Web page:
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– The IAEA called for the creation of a “safety and protection zone” around the nuclear power plant and described the current situation as “unsustainable”.
The report states:
“There is an urgent need to take temporary measures to prevent a nuclear accident caused by physical damage by military means. This can be achieved by the immediate establishment of a nuclear safety and protection zone.”
The UN agency called for shelling of the compound and its surroundings “to be stopped immediately to prevent further damage to the power plant and related facilities”.
In addition to establishing a safety zone around the plant, the IAEA recommended that the working conditions of Ukrainian personnel operating the plant be improved.
The report reads: “Ukrainian personnel operating a power plant under Russian military occupation are under constant high stress and pressure, especially with limited staffing. This is not sustainable and could lead to an increased incidence of human error with implications for nuclear safety.
– The Ukrainian army repelled several Russian offensives in the eastern Ukrainian region of Donetsk, the army’s general staff said. In a situation report from Tuesday evening, the Ukrainian military also said that Russian targets in the Donetsk region had been destroyed.
– In the Kherson region, “Ukrainians continue to make some progress”, including the recapture of villages. The US has also seen “some offensive activity by Russian forces … near Bakhmut,” Pentagon press secretary Air Force Brigadier General Pat Ryder said.
– Serhii Hajday, the governor of Luhansk region, said that Ukrainian troops “gained a foothold” in the eastern region. In an update posted on Telegram, Haidaj said that Ukrainian forces “made some progress” in the Luhansk region and repelled Russian attacks.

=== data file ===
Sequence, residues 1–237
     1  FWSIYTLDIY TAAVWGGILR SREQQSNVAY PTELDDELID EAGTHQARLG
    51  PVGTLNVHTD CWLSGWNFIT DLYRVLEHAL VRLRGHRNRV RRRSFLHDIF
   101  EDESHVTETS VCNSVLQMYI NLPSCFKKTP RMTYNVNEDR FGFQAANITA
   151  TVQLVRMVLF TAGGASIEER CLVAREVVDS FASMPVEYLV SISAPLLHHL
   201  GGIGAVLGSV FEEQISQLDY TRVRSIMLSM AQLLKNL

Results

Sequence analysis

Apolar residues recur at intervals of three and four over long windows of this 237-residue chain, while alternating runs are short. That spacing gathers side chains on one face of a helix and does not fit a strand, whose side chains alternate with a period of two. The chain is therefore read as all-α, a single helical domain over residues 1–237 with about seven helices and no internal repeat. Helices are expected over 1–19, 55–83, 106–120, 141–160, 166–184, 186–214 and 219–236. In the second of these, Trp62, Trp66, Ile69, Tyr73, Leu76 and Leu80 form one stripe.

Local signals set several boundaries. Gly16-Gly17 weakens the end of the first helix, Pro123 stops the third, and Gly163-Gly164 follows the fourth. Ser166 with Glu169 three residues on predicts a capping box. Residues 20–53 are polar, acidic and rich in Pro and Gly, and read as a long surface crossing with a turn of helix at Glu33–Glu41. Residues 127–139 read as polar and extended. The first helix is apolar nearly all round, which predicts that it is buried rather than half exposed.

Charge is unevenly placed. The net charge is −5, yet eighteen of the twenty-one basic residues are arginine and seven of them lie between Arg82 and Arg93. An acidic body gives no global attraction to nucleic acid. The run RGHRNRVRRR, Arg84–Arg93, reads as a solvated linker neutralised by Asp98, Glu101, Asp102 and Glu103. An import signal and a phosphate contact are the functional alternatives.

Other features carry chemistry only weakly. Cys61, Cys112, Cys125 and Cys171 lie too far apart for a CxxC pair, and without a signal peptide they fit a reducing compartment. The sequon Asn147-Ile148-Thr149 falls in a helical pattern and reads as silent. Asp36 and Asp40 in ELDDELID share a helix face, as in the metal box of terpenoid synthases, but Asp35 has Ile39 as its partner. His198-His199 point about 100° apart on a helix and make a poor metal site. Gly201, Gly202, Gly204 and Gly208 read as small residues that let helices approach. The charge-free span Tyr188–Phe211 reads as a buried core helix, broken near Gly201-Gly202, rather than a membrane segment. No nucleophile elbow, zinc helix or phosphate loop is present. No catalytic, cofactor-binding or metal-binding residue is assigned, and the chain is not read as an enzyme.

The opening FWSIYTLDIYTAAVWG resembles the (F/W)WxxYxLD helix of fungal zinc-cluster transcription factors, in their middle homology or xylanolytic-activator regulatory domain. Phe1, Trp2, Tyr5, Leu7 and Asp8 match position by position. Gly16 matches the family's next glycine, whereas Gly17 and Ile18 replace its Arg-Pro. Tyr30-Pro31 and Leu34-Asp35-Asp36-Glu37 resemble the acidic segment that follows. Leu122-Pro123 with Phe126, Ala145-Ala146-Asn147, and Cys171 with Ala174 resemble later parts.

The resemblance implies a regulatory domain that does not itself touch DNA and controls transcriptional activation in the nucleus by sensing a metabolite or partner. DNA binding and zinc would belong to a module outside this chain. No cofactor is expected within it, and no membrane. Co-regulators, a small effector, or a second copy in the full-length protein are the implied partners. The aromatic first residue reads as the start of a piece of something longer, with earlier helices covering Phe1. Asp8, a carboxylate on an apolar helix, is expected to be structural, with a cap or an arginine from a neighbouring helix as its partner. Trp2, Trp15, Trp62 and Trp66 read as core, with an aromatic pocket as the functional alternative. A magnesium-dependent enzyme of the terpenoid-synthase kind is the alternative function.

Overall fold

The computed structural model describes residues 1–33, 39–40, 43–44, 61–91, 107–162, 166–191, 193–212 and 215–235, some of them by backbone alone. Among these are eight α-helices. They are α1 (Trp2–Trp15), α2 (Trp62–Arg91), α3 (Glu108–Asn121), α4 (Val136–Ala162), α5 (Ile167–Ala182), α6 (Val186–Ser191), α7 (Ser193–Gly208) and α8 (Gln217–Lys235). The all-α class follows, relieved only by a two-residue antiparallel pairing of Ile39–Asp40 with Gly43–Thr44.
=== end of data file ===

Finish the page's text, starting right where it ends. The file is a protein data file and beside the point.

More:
– Ukrainian forces conduct counter-offensive actions in the east and southeast of the country, said a senior adviser to the Ukrainian president. Oleksiy Arestovych said that Kiev troops “liberated several settlements on the west bank of the Dnieper” and that Russian forces on the right bank of the Dnieper will be in an “extremely difficult” position within a month.
– According to newly declassified US intelligence findings, the Russian Defense Ministry is in the process of buying millions of missiles and artillery shells from North Korea to support the invasion of Ukraine. A US official said the fact that Russia is reaching out to North Korea shows that “the Russian military continues to suffer from a severe shortage of supplies to Ukraine, partly as a result of export controls and sanctions”.
– According to the local mayor, a strong explosion in the occupied town of Enerhodar, where the Zaporizhia nuclear power plant is located, interrupted water and electricity supplies.
– Russia’s largest gas pipeline to Europe will not resume pumping until Siemens Energy repairs faulty equipment, Gazprom said. Siemens Energy said the engine oil leak from the last remaining operating turbine at the Portovaja compressor station was not a reason to shut down the pipeline.
– The Russian Foreign Ministry said that the United States is responsible for the crisis in gas supplies to Europe, which is pushing European officials to take the “suicidal” step of cutting off economic and energy cooperation with Moscow.